2.       Elastically scale delivery

In this nice article, the AWS Startup folks at Medium explain that the minimum viable product must scale in order to be a success; they are spot on. As your product is that website you are building then not implementing automatic scaling (or using something like AWS Elastic Beanstalk) of delivery should now be counted as a crime against humanity.

3.       Automate the deployment of your environment

Automating the deployment of an environment is more than saving a VM template of your build servers, but automating the configuration management, topology, software installations etc. This is essential in auto-scaling but deeply important when you are planning things like disaster recovery. The old school methods can go if you can automatically rebuild an environment inside 30 minutes.

4.       Implement Continuous Delivery and then Continuous Deployment

Rome was not build in a day and therefore you need to take this slow but most cloud providers have a CD pipeline available that integrates with the deployment options available at that cloud provider (see. Visual Studio Online or AWS Codepipeline). Get to the point where you can deploy a new version of the site (or part of it) multiple times per day in a robust way.

5.       Scale Publishers when needed

Number one complaint for publishing is it is slow when deploying lots of content. Well, following point four, you should not be able to spin up more publishers when needed. This does not per say need to automatic in response to load (but it could be) but it should at least be an automated process leveraging a graceful shut down and destroy.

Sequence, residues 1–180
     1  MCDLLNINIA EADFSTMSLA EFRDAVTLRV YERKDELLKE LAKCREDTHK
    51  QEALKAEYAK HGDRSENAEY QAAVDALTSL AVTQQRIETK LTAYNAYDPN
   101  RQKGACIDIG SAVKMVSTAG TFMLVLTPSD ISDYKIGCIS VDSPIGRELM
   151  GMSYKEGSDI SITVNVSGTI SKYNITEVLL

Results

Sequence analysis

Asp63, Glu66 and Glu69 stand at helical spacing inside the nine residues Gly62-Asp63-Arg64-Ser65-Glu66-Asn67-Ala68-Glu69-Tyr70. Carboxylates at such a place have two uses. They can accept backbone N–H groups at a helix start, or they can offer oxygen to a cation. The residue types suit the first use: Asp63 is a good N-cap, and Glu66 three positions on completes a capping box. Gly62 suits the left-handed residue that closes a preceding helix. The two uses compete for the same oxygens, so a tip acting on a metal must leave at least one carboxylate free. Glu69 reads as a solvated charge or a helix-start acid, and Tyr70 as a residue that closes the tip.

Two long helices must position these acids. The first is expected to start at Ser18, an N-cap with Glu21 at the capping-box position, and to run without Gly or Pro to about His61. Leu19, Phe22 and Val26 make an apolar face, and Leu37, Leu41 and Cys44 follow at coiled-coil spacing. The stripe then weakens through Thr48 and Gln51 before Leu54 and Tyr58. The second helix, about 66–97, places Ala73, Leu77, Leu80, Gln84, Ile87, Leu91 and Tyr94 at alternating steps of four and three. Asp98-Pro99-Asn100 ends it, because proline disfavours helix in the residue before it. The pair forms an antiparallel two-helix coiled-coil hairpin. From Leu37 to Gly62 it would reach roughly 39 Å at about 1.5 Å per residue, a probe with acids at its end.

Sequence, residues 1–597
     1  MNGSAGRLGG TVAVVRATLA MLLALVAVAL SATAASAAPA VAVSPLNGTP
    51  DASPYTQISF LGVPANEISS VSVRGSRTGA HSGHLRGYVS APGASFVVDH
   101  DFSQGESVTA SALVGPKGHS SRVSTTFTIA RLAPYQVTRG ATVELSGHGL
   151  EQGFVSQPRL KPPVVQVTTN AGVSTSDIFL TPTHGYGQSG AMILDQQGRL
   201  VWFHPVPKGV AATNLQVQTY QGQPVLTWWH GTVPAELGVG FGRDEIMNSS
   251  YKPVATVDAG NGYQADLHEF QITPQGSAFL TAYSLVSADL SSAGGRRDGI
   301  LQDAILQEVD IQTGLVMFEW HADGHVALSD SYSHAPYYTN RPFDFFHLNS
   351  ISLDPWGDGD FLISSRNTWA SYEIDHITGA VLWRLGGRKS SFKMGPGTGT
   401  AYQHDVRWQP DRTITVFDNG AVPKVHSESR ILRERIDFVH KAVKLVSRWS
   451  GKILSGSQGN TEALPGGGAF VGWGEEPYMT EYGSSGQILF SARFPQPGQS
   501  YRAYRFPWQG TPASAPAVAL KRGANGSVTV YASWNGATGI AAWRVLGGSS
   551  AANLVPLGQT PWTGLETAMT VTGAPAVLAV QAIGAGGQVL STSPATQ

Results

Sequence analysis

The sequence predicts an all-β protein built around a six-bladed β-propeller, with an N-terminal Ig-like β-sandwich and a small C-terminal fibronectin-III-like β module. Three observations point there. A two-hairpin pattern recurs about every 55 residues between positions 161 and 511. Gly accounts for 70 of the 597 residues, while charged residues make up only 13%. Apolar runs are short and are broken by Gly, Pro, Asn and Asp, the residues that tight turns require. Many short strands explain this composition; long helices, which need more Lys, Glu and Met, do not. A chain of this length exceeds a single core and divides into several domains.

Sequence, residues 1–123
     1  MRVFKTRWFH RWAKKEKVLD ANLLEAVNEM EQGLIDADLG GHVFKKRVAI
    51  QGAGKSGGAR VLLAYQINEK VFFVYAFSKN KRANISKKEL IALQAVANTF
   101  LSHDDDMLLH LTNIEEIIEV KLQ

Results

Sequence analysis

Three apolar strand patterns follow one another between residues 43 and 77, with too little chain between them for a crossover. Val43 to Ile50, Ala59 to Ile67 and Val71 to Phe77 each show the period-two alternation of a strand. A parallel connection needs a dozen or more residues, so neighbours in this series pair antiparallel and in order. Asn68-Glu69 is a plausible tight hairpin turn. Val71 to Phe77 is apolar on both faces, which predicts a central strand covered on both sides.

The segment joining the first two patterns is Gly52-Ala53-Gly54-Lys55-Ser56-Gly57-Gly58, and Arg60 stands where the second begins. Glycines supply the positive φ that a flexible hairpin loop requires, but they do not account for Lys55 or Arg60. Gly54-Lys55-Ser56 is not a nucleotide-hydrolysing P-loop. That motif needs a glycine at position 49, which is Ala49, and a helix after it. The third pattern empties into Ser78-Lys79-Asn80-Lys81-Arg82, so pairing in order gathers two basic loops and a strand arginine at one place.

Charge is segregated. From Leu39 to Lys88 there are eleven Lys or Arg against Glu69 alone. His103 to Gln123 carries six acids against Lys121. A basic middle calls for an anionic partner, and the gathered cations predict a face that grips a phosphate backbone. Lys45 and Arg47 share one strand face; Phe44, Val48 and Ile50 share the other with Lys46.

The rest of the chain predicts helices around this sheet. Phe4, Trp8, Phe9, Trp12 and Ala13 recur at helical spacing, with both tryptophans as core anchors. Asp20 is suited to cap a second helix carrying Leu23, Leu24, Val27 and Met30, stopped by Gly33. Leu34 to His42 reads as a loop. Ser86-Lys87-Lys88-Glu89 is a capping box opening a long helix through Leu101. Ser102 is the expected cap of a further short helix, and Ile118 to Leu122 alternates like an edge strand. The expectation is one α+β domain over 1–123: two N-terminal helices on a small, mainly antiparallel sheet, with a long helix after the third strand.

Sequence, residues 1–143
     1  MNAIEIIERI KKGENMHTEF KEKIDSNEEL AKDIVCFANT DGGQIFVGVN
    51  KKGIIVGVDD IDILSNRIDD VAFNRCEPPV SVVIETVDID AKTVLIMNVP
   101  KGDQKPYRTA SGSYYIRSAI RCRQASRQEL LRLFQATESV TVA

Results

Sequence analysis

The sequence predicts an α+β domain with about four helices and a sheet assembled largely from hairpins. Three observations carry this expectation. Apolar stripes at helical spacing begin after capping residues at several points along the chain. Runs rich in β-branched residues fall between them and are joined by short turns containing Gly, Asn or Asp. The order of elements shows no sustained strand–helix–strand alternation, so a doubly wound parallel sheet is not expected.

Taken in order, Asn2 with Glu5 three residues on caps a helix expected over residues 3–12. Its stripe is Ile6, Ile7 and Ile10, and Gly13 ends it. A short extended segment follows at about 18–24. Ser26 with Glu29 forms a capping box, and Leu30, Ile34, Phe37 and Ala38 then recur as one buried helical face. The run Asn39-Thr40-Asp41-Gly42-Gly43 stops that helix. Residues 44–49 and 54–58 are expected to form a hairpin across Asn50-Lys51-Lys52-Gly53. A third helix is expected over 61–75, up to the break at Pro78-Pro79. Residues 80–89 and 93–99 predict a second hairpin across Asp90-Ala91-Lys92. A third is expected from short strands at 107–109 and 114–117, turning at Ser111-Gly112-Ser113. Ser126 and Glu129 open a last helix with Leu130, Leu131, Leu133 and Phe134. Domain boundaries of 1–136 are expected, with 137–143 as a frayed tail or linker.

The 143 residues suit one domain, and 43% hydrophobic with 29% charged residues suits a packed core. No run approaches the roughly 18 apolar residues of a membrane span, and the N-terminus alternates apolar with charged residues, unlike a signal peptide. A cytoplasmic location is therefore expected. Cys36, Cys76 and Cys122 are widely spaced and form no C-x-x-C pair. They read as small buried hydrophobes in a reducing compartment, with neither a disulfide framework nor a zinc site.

6.       Process log files with a tool like Splunk

Now you have servers spinning up and down automatically you probably have little or no access to the running application. It is therefore important to put in automatic log file analysis to ensure that the application is running error free, you can spot failure trends and you can keep the overall health of the environment high. Applications will fail and that is OK, but you need data to proactively reduce the errors, feed into your continuous delivery pipeline and improve performance.

7.       Write custom monitors for SDL Web functionality

The cloud provides you with metrics for things like CPU and memory, but there are no monitors for specific and relevant SDL Web functionality. Is the publishing queue a little too long? Fire a warning to your integrated monitoring solution that something may need to change like a new publisher spun up to help with the load.

8.       Deploy new CD environments for temporary sites

You can easily spin up new delivery environment should you need to deploy a new site that will only last for a short period of time. This keeps complexity low on each site and impact to another site from the new site is impossible.

9.       Adopt a microservice architecture

Architecting your application in the microservice model means that CDaaS can be utilized and sites can just feed content from that. Further splitting your application into smaller functional components which can all be scaled separately will reduce software costs, improve deployment complexity, improve resilience and improve scaling.